KPBS AIRDATE: August 2, 2002
First, the Great War rumbles under our seats. And then we catch sight of him…the rumpled old man sitting huddled in a chair, reminiscing. His stream of consciousness is steady but unreliable. It’s 1974, but he’s back in Zurich, 1917, a time of upheaval — social, political and artistic rebellion. A lot of the foment was centered in Switzerland, where, living all at the same time, were groundbreaking Irish writer James Joyce (working on “Ulysses”), Russian revolutionary Vladimir Lenin (working, in exile, on overthrowing his government) and radical French-Romanian poet, Tristan Tzara (working on creating the artistic philosophy of Dadaism).
The recollector, Henry Carr, was also there, as a minor official in the British Consulate. He actually met James Joyce, and did perform the role of Algernon in a production of “The Importance of Being Earnest.” And they did come to a head-to-head confrontation over a few francs, which culminated in a protracted legal battle. The rest is head-spinning speculation, in Tom Stoppard’s brilliant 1974 script. In the face of these great minds, Carr is the keeper of the status quo, defender of the bourgeoisie against which all the others are rebelling. His memory is faulty, and the truth is ever-elusive, but just hang on for the fun, fabulous, farcical ride.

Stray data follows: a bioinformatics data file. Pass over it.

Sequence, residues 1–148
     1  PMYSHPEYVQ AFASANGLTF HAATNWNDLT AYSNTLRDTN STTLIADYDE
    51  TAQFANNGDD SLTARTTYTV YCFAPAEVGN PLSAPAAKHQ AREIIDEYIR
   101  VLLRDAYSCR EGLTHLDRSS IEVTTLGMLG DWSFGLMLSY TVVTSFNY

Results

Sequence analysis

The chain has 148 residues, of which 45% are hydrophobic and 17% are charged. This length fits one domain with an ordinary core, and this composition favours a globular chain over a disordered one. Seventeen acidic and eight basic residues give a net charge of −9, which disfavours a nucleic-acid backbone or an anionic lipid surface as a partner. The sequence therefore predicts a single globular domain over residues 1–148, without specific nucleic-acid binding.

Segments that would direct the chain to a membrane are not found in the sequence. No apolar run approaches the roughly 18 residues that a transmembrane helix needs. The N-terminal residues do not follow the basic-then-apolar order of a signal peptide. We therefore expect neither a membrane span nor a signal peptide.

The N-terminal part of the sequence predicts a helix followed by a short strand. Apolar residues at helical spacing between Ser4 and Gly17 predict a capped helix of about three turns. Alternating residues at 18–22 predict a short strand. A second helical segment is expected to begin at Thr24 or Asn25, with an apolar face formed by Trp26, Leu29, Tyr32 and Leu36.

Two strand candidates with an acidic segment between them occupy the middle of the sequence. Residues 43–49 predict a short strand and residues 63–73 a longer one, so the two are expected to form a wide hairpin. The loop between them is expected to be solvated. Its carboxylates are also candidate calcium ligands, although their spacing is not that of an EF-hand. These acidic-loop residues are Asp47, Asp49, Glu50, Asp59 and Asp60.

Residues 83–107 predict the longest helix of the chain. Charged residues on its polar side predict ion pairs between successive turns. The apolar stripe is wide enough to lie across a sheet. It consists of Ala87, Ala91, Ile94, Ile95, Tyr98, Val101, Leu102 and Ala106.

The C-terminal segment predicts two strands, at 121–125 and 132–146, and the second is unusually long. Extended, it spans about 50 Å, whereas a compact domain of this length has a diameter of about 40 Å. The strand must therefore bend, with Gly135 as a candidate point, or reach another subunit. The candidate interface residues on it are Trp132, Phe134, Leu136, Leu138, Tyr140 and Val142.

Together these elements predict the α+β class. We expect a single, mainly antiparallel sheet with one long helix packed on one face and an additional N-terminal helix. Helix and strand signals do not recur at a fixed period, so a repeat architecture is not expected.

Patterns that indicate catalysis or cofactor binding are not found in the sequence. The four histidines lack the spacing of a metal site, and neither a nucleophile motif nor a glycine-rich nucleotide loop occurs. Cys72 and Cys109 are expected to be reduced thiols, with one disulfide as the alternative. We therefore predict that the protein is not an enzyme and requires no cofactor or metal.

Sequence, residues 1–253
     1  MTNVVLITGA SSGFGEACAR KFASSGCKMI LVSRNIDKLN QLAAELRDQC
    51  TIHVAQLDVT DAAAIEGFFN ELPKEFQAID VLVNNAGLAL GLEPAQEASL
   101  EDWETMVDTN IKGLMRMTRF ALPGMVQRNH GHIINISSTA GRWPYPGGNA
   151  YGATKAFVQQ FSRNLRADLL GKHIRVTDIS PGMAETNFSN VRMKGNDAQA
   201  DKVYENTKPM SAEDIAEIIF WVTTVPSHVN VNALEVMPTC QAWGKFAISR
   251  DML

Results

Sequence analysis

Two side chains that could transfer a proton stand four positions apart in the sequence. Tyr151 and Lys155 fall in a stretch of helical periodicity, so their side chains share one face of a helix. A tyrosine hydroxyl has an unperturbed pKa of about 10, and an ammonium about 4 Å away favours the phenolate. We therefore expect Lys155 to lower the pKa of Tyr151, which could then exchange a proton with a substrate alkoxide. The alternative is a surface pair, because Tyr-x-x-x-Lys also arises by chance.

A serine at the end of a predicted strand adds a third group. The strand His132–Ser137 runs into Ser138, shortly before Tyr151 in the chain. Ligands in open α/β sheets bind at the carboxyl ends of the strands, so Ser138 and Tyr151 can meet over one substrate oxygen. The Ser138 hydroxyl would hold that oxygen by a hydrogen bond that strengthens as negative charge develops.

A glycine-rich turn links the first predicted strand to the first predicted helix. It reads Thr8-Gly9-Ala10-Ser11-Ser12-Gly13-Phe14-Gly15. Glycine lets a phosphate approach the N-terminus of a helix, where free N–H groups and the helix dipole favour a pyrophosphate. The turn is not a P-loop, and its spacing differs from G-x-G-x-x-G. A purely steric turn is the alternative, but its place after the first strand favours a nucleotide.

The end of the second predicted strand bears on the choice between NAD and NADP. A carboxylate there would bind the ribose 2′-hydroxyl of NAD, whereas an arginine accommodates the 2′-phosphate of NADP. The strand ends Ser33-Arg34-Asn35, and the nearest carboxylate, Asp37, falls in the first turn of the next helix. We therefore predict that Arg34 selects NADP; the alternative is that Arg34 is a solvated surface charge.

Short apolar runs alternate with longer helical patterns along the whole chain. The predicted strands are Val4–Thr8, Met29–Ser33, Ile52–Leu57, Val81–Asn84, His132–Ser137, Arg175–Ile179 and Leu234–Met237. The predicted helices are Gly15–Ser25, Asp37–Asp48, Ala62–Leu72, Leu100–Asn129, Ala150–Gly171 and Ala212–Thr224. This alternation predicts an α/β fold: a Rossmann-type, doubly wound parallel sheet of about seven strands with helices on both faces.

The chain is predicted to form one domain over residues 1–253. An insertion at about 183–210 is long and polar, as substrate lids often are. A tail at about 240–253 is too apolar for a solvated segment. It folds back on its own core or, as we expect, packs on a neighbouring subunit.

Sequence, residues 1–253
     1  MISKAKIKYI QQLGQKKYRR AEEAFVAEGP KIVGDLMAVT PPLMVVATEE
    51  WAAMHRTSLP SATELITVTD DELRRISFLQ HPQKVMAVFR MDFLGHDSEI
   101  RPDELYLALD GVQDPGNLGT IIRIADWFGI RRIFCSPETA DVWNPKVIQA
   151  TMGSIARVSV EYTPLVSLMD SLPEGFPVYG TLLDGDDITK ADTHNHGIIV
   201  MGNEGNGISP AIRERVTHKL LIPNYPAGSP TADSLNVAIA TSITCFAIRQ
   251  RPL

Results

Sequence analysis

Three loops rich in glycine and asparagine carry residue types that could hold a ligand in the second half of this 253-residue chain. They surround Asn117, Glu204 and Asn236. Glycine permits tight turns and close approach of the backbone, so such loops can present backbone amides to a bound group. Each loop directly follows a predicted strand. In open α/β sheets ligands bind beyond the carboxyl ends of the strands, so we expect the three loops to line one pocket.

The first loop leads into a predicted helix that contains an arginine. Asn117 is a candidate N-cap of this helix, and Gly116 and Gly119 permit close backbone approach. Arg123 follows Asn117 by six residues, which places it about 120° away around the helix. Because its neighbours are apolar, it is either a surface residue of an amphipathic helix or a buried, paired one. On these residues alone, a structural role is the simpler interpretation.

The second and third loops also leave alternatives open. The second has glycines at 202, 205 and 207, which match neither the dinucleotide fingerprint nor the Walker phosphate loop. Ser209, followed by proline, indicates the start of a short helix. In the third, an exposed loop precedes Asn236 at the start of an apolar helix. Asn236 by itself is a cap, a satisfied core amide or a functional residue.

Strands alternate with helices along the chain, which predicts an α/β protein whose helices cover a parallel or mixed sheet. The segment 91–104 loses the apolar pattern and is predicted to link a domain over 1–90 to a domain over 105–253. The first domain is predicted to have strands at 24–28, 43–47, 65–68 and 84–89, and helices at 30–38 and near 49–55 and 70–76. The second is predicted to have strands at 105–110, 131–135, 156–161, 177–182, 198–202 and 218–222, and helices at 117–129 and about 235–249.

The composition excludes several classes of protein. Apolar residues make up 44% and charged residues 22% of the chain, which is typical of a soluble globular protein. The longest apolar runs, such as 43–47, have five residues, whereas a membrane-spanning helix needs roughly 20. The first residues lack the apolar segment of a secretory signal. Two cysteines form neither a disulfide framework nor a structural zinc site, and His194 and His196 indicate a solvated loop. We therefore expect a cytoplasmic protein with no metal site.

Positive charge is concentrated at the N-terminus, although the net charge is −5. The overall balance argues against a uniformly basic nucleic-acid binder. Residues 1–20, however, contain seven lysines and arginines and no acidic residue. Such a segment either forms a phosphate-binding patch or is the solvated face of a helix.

Stoppard, ever punch-drunk on language and philosophy, relishes the opportunity to present, at neck-snapping speed, parodies of Joycean limericks, Shakespearean sonnets, English Musical Hall humor, and most delectably, the timeless lines of Oscar Wilde’s “The Importance of Being Earnest.” It would, in fact, be a great idea to first see the North Coast Repertory Theatre production of Wilde’s masterpiece (which is running in repertory with “Travesties”), so you can catch all the deliciously twisted references.
Both productions are flawless. Co-directors Rosina Reynolds and Sean Murray have hit every note with perfect pitch. And the lighting and sound are part of the impeccably orchestrated whole. Murray is marvelous as the bureaucratic Carr, and the rest of the cast is equally expert. Especially dazzling is the vaudevillian musical duet between Jessa Watson’s Gwendolen and Julie Jacobs’ Cecily. Jim Chovick makes a splendid Lenin, and Annie Hinton is superb as his Russian-speaking wife. Jeffrey Jones is aptly outrageous and avant garde as Tzara, James Saba is uproarious as Joyce and Don Loper, playing two butlers in “Earnest,” is an even funnier manservant here. If you’re up to the intellectual challenge, consider seeing both plays in one day. Or savor them separately; but if you love art, history or philosophy, you won’t miss this delectably cerebral delight.
©2002 Patté Productions Inc.